I’m often asked about how busy I am, what events I’m attending, and which trips I’m taking next all for the sake of my blog. It seems like a pretty glamorous life but honestly I am most happy when I can sit at home my desk with a hot cup of coffee, look out at the rain that’s pelting Downtown Vancouver, and sift through 100 year old photos to track down a unique story. That happened to me yesterday when I was searching the City of Vancouver Archives for random holiday photos and I came across “Pictograph Rock“. Never before had I seen this large boulder, behind a knee-high fence in Stanley Park complete with a plaque. I immediately began to dig around to find out what this rock was and where it ended up.
Tracking Down the Stanley Park Pictograph Rock
After finding a few more photos in the City of Vancouver Archives dating back to the late 1920s, my next stop was a general Google search with the term “Pictograph Rock Stanley Park” which came back with several results about a petroglyph in Stanley Park.
Pictographs and Petroglyphs: “Rock art is generally divided in two categories: carving sites (petroglyphs) and paintings sites (pictographs). Pictographs are paintings that were made by applying red ochre or, less commonly, black, white or yellow dye. Although the majority of the images were traced with the finger, some could be executed with brushes made of animal or vegetal fibres. Petroglyphs are carvings that are incised, abraded or ground by means of stone tools upon cliff walls, boulders and flat bedrock surfaces.” [Source]
It was obvious that this stone and its ancient markings were extremely significant. So why was it fenced off like a curiosity in an exhibition at Stanley Park and how did it get there?
Once it was determined that this was a petroglyph, I had more success with search results and was able to put together a timeline for this thanks to the author of the Northwest Coast Archeology blog.
In 1923 the boulder was discovered in the Lone Cabin Creek area of the middle Fraser River, just south of the Gang Ranch. It was then removed (without permission) and moved to Stanley Park in 1926 and positioned near the site of Lumberman’s Arch.
There’s a big gap between the photo from 1930 and then records that it moved to the Museum of Vancouver in 1992, but I would assumed it stayed in Stanley Park until that time. Another website, Spokane Outdoors shed some light on the story. It appears this written between 1992 and 2002, while the petroglyph was at Museum of Vancouver.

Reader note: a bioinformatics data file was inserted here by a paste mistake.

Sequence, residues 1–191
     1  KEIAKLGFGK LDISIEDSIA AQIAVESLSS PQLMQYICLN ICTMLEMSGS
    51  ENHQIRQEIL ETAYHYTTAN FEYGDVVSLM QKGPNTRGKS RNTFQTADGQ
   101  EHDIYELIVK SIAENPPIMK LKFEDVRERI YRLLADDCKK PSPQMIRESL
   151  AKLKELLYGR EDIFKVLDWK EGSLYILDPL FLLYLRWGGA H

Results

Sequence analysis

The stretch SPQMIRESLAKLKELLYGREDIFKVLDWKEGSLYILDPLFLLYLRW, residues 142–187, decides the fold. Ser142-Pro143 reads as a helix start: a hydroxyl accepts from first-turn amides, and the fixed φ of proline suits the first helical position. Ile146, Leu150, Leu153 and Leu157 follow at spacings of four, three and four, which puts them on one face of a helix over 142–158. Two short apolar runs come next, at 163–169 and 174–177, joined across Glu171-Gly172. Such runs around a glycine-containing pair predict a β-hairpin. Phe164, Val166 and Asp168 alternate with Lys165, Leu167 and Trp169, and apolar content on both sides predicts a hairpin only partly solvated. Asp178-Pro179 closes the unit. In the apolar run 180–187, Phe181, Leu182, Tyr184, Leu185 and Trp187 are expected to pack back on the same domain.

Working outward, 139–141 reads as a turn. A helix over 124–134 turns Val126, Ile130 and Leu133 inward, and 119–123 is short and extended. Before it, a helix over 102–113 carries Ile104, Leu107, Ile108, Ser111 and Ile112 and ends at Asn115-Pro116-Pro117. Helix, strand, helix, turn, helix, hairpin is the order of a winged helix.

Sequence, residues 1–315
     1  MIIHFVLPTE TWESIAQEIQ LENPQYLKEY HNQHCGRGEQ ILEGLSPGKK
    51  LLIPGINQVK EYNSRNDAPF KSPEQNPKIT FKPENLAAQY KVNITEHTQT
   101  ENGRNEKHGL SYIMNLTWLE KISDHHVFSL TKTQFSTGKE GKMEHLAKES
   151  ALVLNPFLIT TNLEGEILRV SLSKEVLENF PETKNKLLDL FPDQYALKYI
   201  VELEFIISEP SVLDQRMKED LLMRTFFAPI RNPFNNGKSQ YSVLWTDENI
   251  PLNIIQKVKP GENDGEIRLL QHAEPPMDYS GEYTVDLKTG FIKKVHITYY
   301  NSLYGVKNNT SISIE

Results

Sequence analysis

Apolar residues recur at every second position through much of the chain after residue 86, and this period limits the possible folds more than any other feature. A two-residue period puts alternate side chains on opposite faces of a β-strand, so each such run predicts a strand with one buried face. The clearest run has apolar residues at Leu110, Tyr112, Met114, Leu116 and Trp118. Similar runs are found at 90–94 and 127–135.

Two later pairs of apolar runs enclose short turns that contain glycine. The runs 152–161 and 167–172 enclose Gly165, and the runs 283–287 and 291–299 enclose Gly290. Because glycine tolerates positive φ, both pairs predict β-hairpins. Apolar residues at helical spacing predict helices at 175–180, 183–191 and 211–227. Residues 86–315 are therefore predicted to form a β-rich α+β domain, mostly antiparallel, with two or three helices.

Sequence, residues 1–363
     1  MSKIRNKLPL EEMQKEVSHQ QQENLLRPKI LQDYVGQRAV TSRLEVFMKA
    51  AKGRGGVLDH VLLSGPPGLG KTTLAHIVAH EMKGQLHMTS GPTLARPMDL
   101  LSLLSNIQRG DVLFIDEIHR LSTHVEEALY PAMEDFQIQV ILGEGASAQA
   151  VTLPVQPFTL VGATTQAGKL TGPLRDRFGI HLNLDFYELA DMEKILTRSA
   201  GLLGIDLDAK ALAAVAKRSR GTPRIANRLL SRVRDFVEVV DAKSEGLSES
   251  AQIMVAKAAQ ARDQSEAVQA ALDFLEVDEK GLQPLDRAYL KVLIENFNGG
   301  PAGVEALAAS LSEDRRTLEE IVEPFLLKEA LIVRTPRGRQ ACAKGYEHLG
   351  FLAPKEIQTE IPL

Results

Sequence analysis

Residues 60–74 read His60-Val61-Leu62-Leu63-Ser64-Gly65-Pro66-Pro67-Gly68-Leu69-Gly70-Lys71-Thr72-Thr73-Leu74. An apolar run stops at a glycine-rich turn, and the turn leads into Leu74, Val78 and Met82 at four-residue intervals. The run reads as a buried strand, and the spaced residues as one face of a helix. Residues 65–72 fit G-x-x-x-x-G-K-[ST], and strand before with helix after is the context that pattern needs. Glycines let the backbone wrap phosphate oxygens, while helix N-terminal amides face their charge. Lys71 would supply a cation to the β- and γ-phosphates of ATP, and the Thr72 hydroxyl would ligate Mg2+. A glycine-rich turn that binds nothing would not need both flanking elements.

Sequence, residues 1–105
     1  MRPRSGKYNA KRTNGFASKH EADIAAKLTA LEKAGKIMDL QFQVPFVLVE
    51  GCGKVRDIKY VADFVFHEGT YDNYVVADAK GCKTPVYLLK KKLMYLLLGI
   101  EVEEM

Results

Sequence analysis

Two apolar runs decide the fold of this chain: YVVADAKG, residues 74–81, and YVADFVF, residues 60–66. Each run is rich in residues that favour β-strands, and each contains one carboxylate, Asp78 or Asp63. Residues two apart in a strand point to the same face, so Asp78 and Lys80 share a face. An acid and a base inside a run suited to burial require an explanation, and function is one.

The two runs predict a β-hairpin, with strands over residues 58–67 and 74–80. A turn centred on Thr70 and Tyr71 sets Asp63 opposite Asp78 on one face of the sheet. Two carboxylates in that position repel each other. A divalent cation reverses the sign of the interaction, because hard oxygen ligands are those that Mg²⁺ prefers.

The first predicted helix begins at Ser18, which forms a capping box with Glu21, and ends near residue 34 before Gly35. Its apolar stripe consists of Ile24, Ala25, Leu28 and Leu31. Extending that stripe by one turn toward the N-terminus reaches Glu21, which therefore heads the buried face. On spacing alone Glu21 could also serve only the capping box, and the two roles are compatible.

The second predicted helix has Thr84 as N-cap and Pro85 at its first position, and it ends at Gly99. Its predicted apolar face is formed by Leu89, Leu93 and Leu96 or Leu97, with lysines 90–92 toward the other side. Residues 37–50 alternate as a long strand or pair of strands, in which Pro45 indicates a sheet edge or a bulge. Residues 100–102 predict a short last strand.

The Shelly Stone
“This petroglyph was carved in the vicinity of Lone Cabin Creek, north of Lillooet, on the Fraser River. It first gained Euro-Canadian attention in 1923 upon its discovery by H.S. Brown a cariboo prospector. He brought its existance to the attention of William Shelly, the Vancouver Parks Board commissioner of the era. Shelly proposed moving the six-ton rock from its location on the Fraser to a new home in Stanley Park.
Three years alter, the move commenced. The rock was first loaded onto a raft to be floated to the nearest railway station. This awkward plan failed as the weight of the boulder caused the raft to sink immediately after loading. The next, more successful attempt involved a team of ten horses and a sled. In the dead of winter, the “Shelly Stone” was dragged to the closest rail line. This whole procedure took over a month and cost Shelly two thousand dollars which was a lot of money at the time.
The Shelly Stone arrived safely at Stanley Park. It was set in a foundation of concrete as it was felt this would prevent the enormous rock from being carried off or destroyed. The rock remained at Brockton Pt mislabeled as an Indian Pictograph until moved to the Vancouver Museum basement in June of 1992.”
From the Museum to Repatriation
Naturally my next step was to inquire with the Museum of Vancouver (“MOV”) and it took the team less than a day to get back to me with a very happy ending to the boulder’s story.
“I discovered that we repatriated the petroglyph rock back to Stswecem’c Xgat’tem First Nations in 2012,” Myles Constable of the MOV told me. He also sent me a link to the MOV’s own blog post from 2012 written by Joan Seidl: